After taking and sharing my findings with my group, a lightbulb popped inside of my head. I know that those numbers on where it restarts is important and 1 is the base number on which we add on top off, so I decided to test an idea and it worked! If I take any number and subtracted the number bellow on which it restarted from, I then get that number and multiplied it by two because 3 would be too much (yes, I didn't have logic behind that choice), then I always got an even number so I then decided to add 1 because that's where it restarted and also because an even number plus 1 would turn odd. This idea worked for every number! The down side to that was I needed to figure out what was the number on where it restarted and that could take a long time if it is a bigger number.

## solution

To put my findings in a formula, Mr. B helped me by using something that we learned as a class not too long ago. Logarithms! Written out it looked sort of funky.

W= Winner

K= Knights

S= Solution

S=(K-2^[[Log2K]])+1

An example of that could be a tiny number like 25 in which I could solve using the way I thought out step by step, or a larger number such as 15,873 in which I could find the number where it restarts but the formula is much more effective.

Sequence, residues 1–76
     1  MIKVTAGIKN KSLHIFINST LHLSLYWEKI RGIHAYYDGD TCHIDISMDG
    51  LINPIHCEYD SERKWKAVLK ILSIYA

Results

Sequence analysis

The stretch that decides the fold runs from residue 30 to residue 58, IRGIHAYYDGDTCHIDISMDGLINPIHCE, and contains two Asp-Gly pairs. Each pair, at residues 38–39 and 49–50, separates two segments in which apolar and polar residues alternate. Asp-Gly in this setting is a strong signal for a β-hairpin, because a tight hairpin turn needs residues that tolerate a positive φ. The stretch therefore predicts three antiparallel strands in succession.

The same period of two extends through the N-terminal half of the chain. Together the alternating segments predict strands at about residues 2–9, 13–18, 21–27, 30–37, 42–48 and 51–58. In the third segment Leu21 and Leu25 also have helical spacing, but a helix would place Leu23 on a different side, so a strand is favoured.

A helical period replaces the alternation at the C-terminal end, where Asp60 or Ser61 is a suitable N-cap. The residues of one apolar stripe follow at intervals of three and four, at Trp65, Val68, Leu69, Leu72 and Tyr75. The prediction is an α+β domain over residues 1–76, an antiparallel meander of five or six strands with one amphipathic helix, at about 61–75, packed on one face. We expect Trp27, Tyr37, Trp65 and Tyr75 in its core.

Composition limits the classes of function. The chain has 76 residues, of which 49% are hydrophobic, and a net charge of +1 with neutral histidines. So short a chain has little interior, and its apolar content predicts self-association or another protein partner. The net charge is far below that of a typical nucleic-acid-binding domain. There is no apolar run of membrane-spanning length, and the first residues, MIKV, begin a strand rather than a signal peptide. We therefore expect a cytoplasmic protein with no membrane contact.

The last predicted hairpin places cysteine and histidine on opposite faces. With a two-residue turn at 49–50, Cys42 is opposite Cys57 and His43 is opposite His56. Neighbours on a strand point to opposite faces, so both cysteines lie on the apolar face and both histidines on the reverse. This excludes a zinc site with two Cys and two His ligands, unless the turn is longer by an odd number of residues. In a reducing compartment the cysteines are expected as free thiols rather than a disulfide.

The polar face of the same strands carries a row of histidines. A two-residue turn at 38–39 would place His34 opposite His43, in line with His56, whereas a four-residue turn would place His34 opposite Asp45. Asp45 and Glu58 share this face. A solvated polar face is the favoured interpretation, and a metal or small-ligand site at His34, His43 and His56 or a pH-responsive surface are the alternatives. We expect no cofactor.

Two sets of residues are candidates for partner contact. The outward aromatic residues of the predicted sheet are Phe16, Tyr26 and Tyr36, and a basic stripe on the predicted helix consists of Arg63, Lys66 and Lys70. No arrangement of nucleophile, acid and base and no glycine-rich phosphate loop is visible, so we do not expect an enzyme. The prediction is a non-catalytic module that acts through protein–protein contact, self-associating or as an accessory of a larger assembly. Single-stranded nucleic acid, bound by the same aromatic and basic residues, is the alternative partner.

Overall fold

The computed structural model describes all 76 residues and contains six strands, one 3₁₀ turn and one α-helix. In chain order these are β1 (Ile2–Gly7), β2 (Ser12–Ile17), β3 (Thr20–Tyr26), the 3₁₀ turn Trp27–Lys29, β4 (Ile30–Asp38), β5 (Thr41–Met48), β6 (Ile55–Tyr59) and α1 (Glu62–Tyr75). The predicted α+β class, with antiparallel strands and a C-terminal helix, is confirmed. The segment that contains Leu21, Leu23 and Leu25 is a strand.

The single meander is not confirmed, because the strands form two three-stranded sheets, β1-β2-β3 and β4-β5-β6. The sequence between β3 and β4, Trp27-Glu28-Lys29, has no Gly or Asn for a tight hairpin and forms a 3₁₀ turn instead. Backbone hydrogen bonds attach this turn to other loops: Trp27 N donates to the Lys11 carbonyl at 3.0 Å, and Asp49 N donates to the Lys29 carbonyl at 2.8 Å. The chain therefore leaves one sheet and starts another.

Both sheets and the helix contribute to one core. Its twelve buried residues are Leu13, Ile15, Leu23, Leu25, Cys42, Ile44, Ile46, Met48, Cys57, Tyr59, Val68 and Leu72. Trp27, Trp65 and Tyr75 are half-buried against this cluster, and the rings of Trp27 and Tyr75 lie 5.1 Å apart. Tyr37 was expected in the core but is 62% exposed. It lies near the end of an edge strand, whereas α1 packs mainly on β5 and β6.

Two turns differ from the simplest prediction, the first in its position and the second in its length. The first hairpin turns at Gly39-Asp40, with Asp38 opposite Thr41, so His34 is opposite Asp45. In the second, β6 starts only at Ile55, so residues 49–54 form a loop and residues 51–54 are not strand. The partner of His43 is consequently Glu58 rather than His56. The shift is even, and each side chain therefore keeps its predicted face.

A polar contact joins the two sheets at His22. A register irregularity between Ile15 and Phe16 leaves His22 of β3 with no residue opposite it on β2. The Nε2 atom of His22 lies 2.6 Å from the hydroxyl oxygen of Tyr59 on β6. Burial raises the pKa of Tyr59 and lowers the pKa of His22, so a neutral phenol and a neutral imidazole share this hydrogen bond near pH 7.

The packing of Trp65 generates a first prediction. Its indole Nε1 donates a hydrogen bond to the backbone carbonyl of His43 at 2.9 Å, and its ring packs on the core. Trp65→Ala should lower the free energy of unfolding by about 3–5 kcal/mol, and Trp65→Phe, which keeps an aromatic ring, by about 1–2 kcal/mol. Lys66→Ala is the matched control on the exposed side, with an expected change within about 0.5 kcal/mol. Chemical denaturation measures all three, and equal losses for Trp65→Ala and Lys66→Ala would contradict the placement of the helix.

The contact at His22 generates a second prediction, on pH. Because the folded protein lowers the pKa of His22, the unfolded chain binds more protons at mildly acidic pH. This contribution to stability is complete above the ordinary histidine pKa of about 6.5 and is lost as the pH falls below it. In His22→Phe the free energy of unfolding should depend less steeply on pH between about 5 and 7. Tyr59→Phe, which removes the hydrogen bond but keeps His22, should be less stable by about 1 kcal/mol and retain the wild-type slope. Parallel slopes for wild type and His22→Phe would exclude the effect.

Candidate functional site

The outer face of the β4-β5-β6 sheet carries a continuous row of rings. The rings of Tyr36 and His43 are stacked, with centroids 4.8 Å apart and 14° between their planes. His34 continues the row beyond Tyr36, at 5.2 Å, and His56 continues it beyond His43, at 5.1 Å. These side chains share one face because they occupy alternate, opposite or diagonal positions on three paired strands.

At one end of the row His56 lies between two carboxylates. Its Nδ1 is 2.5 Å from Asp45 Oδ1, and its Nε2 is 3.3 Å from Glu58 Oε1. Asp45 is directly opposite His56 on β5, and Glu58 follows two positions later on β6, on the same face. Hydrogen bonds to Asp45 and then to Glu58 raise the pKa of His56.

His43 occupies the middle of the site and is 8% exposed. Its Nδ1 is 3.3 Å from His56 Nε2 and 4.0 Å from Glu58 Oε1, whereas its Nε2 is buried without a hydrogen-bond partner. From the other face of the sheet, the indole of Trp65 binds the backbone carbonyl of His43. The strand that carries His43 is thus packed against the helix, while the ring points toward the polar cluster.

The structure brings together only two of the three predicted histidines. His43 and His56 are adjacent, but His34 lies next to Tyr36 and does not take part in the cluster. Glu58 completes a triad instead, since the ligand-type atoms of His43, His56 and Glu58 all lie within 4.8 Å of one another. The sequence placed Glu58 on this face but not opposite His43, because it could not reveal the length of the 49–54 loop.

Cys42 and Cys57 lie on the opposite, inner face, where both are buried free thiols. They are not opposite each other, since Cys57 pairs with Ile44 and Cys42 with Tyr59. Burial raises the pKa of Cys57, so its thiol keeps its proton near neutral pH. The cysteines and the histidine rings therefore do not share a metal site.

25-16= 9, 9 times 2= 18, 18 + 1= 19

S=(5,000-2^[[Log2(5,000)]])+1

S=(5,000-2^[[12.287]])+ 1

S=(5,000-2^12)+ 1

S=(904)+ 1

S= 905

W= Winner

K= Knights

S= Solution

S=(K-2^[[Log2K]])+1

An example of that could be a tiny number like 25 in which I could solve using the way I thought out step by step, or a larger number such as 15,873 in which I could find the number where it restarts but the formula is much more effective.

25-16= 9, 9 times 2= 18, 18 + 1= 19

S=(5,000-2^[[Log2(5,000)]])+1

S=(5,000-2^[[12.287]])+ 1

S=(5,000-2^12)+ 1

S=(904)+ 1

S= 905

## Evaluation/reflection

What defiantly pushed my thinking was how to put my findings all into one formula. I honestly would have kept it as is and just say that there are 3 steps to the answer. I understood logarithms and also the new term about the greatest integer wasn't so hard. Without the help from Mr. B, I don't think that I would be able to make the formula. I do recall when I needed help with figuring that part out but I feel that whenever I get stuck that I try a couple different things then I ask my group, but when I still don't understand I then go to the teacher. I feel like individually I did great, but I do notice that I enjoy working on my own for most of the time. This is because I know my own work style and I can get things done on time, and I also like to move at a very quick pace once I understand a topic. During the group quiz, I am positive that I preformed very well. I already knew the steps to take and recognized what the formula may look like. What stumped me was how the formula I came up with did not work for the numbers in which the winner restarts on. I then made a new formula and it worked but I couldn't combined. I'm sure that if I had a few hints if it wasn't a group quiz, I would have been able to do so.